Presentation Title

How Two Heritage Language Programs Foster Immigrant-School-Community Engagement in the New Immigrant South

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Abstract or Description

In areas with new and ongoing demographic shifts, many schools and communities are struggling to understand, integrate, and accommodate newcomers (Wortham, Murillo & Hamann, 2002). Cultural differences in school engagement practices are often misinterpreted as disinterest, and are used to bolster false claims about parental involvement (Andrews, 2013; Lee & Oxelson, 2006; Zarate, 2007). In this two-case case study (Yin, 2018), we explore how two community-based heritage language programs (one Chinese, one Spanish) in the shifting Southeast view their roles in fostering program-school-community connections. Moreover, we explore whether/how these programs support ethnically, culturally, and linguistically minoritized families in leveraging their community cultural wealth (Yosso, 2005) to navigate and engage with local P-12 schools and the broader community. Our findings indicate that although both HL programs recognized the importance of family-school-community connections for participating families (especially in providing resources and information), individual approaches differ. The Chinese HL program plays an active role in fostering collaborations with formal schools and increasing parents’ civic engagement and multicultural awareness, whereas the Spanish HL program approaches these goals more indirectly by providing access to resources and information about schools and communities. These findings have implications for educators and policymakers, as they may provide a more nuanced understanding of the new possibilities HL programs provide beyond heritage language preservation. Identity transformation, community engagement, and social justice advocacy, are only a few of the possible benefits to building and strengthening HL-school-community connections. By examining the rich and varied ways in which Chinese and Spanish speaking families take part in school and community activities, we aim to provide a counternarrative that positions these groups as active participants in their children’s education. Examining how ethnically and linguistically minoritized groups draw on their community cultural wealth is especially important for regions with rapidly changing demographics.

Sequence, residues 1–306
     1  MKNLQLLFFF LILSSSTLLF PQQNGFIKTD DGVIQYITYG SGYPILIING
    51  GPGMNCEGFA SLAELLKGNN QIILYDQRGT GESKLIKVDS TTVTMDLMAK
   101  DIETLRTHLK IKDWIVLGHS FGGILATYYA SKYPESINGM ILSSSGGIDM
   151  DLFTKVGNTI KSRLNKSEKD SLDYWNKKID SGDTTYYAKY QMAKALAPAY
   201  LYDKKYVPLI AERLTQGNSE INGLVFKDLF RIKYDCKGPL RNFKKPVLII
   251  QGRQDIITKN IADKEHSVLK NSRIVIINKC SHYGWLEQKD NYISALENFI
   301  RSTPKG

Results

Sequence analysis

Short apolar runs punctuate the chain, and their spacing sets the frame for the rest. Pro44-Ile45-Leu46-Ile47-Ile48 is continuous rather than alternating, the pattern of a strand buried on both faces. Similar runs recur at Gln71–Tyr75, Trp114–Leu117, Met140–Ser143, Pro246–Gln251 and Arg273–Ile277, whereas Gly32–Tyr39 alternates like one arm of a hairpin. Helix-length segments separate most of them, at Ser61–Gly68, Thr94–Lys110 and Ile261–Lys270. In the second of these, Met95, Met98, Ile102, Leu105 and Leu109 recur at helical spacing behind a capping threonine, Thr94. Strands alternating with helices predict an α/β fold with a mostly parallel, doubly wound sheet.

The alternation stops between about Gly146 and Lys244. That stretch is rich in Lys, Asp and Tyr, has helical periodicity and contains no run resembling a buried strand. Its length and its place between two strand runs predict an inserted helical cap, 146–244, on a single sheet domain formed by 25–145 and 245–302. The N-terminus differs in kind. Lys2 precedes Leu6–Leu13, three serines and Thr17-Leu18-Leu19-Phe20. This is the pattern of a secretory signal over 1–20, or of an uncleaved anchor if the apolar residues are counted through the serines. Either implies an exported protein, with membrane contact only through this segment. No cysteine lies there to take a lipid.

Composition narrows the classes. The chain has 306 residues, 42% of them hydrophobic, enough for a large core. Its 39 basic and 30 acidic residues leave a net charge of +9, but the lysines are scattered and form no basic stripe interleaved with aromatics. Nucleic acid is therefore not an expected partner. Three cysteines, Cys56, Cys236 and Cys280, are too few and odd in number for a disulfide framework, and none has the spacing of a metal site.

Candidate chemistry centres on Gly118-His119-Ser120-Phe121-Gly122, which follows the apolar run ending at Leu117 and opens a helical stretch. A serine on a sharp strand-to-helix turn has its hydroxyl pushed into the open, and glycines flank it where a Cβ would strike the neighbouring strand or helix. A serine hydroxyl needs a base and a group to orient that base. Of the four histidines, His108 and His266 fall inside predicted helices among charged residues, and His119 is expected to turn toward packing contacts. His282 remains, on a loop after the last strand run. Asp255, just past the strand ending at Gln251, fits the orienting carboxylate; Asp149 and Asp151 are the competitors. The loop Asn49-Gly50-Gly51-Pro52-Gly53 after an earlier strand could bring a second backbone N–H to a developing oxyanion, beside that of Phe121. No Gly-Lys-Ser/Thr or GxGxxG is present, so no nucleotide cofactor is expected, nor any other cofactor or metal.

Georgia Southern University faculty member, Alexandra Reyes co-presented How Two Heritage Language Programs Foster Immigrant-School-Community Engagement in the New Immigrant South in the American Association for Applied Linguistics (AAAL) Conference, March 2022.



American Association for Applied Linguistics (AAAL) Conference


Pittsburgh, PA

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